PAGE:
Develop leadership skills in any job
You can develop and refine your leadership skills, whether you work in the corner office or the mailroom.
No matter what position you hold, leadership skills are valuable for moving you through your career and into a leadership role. Smart companies and employees know it's critical to business survival to cultivate leadership skills at all levels.
Get ready for your future
During your career, you will learn a myriad of leadership skills, but the following tips should give your career a jump-start:
- Show enthusiasm: Personal energy is contagious, and so is the lack of it. No matter what the job, complete it with a sense of urgency. When others notice, they will become enthusiastic also.
- Build optimism: Negativity in the workplace is destructive. Your boss doesn't want to hear what's wrong with a project; he wants to hear your suggestions for making it better.
- Be flexible: You can't survive in business today while resisting change. Show you can handle change by volunteering for a new project or by helping others with change.
- Cooperate: Since companies must do more with fewer resources, teamwork is essential. If you insist on having your own way or controlling others, your career will run into a brick wall.
- Be creative: What process can be improved? How can you make things easier for customers? Use your creativity to continuously improve processes, and you will stand out.
Your first leadership role requires special skills
Once you get the call to serve in a leadership role, you need to make some adjustments to your library of skills:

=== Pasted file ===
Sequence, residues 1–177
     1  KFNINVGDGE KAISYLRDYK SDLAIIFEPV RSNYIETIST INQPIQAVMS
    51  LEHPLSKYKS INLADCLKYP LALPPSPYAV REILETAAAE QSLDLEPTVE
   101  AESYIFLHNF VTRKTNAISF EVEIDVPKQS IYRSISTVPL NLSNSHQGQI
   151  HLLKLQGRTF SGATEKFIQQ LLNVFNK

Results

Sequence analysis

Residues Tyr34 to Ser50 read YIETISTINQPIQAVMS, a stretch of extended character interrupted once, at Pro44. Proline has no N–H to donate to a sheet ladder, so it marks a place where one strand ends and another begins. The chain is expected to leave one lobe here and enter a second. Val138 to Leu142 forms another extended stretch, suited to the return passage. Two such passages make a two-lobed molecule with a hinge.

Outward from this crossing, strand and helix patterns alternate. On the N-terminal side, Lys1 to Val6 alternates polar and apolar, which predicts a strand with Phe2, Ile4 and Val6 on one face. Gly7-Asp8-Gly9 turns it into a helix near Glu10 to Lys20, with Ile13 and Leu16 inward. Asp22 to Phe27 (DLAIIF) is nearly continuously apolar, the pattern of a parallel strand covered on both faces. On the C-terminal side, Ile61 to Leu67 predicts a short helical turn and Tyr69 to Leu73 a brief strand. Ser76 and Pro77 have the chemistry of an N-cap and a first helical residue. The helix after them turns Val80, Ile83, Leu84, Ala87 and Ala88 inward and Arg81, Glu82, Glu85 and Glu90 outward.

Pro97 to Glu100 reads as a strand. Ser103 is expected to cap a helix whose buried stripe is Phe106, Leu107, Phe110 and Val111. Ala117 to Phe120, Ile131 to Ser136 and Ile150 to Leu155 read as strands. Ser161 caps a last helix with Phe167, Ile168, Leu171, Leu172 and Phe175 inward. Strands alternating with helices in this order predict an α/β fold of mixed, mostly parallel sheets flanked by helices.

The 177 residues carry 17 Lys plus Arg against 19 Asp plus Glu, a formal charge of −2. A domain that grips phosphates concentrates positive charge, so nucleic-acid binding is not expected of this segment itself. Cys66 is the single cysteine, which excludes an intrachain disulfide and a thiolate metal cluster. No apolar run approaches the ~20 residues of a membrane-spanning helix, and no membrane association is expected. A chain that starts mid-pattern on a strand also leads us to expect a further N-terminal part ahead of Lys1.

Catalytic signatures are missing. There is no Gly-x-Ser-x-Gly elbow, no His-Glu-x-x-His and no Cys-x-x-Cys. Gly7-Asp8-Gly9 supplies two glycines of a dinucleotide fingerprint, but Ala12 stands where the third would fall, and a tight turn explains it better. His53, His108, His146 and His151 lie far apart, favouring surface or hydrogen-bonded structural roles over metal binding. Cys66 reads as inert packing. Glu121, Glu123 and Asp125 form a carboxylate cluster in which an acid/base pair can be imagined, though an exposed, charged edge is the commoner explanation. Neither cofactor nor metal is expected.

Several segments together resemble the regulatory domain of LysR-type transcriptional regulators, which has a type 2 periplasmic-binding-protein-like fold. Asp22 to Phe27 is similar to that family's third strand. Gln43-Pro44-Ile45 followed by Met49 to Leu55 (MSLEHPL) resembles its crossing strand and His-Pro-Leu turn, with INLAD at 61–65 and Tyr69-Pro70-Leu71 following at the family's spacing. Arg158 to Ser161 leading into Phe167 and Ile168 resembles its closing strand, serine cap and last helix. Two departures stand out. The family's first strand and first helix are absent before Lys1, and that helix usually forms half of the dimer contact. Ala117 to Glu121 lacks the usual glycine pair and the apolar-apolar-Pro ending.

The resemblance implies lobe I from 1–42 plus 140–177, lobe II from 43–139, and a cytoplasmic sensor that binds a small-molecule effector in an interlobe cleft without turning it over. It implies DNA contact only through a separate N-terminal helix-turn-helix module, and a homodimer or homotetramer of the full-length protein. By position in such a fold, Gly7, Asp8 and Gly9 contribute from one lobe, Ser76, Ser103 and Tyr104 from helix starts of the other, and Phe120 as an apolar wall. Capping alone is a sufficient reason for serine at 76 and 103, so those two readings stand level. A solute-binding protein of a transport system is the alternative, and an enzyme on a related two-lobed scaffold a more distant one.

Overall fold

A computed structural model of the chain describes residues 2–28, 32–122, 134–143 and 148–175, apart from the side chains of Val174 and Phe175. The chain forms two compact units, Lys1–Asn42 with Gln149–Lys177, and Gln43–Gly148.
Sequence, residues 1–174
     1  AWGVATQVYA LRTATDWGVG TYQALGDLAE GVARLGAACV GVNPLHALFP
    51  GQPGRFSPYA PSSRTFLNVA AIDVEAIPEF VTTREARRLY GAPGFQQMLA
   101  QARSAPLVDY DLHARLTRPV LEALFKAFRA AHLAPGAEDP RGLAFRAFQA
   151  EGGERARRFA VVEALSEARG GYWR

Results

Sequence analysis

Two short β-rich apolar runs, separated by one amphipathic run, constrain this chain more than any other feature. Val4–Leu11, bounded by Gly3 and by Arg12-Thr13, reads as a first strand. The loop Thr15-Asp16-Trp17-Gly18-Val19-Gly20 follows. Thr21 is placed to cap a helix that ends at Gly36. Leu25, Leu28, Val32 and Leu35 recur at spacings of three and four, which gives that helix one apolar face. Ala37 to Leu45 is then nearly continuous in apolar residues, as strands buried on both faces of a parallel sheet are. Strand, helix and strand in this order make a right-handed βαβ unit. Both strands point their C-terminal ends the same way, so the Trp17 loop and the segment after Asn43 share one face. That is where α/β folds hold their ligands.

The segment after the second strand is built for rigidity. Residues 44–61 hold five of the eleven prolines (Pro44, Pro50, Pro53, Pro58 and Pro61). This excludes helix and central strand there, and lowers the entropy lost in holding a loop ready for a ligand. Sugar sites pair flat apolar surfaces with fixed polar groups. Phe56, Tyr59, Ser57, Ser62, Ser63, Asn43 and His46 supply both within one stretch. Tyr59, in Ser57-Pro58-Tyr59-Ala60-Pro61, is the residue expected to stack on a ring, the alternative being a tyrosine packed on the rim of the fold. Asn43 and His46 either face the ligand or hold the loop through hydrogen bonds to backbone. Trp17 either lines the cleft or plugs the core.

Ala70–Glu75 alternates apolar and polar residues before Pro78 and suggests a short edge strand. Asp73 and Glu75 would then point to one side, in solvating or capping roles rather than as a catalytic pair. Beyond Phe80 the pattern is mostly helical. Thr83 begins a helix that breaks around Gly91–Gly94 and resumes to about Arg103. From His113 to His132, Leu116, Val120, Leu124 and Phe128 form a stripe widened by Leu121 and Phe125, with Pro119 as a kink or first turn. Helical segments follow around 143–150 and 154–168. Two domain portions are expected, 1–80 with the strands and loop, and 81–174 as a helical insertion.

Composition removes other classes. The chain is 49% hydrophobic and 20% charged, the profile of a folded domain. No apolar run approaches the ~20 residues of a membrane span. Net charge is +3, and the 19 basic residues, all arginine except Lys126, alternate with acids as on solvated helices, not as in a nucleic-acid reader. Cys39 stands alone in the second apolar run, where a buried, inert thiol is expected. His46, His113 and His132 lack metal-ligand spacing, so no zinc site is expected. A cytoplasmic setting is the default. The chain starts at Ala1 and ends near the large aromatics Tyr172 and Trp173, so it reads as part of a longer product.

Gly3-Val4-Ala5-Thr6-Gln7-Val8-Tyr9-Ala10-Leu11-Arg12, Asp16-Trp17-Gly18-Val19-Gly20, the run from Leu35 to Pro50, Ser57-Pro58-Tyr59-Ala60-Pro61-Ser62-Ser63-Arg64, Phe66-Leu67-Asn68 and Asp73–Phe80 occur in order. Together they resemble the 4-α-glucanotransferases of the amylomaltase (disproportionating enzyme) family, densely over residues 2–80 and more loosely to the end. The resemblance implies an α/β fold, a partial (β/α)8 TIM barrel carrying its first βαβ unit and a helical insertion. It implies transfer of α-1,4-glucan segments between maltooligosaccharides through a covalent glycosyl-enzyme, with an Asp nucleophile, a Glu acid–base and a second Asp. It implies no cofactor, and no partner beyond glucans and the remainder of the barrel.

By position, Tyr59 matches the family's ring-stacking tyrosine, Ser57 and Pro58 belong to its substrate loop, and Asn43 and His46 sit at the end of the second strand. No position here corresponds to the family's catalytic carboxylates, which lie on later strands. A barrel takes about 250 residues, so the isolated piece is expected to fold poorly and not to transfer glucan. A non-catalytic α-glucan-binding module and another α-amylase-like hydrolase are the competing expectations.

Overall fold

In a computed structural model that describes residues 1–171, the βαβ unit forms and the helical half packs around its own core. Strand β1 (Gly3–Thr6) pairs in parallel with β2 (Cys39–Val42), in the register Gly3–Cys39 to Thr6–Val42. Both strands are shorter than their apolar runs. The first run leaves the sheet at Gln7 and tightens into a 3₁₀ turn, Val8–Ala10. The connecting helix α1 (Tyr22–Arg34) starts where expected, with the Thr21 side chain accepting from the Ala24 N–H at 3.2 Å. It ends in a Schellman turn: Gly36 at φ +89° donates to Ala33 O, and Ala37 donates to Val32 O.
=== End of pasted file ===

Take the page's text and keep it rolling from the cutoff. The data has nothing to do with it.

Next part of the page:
- Delegate whenever possible. Give projects to the right employees, and don't micromanage them.
- Dedication is a critical skill in your first leadership role. Eight hours of work is not enough to show dedication. Spend a minimum of 12 hours per day on your job or your self-improvement.
- Hire employees who complement your abilities. You will limit your accomplishments hiring only people like you. When you hire individuals who have the skills you don't, you will exceed your goals.
- Ask your peers for advice. When you are new to a leadership position, you don't know everything. Identify your most respected peers, and ask them how they have succeeded.
- Stand by your employees. Show you trust them, and they will be trustworthy.
Stepping up to the next level
When you've shown you are worthy of upward movement, you will need an additional set of skills for success:
- Vision: Ray Kroc, the founder of McDonald's, had awesome vision. In 1954, he saw the McDonald brothers' hamburger stand in California and knew he could build a business by selling 15-cent hamburgers. Over the years, he set the pace for fast food. Be a forward thinker, and share your vision with every employee.
- Become a mentor: As you have learned along the way, you should share that knowledge with others. Look for enthusiastic employees and spend some time cultivating them.
- Share celebrations with your employees: Nothing inspires a team more than knowing you appreciate everyone's hard work.
- Give back to the community that made you successful: Get involved in the local community by making donations and volunteering. What you give out comes back to you twofold.
- Don't blow your own horn: Others will be talking about you, which will make you appear more successful. Be grateful for the acknowledgements, but stay humble.
Think about how many times someone at work asks you for help. You're providing guidance right then and there! The more you realize you are a leader no matter what your current position, the more natural you'll feel in a leadership role. Could you use some more help? Join Monster for free today. As a member, you'll can get career advice, management tips, and job search info sent right to your inbox to help you make the most of your workday. If you start cultivating your leadership skills, moving up will be much easier.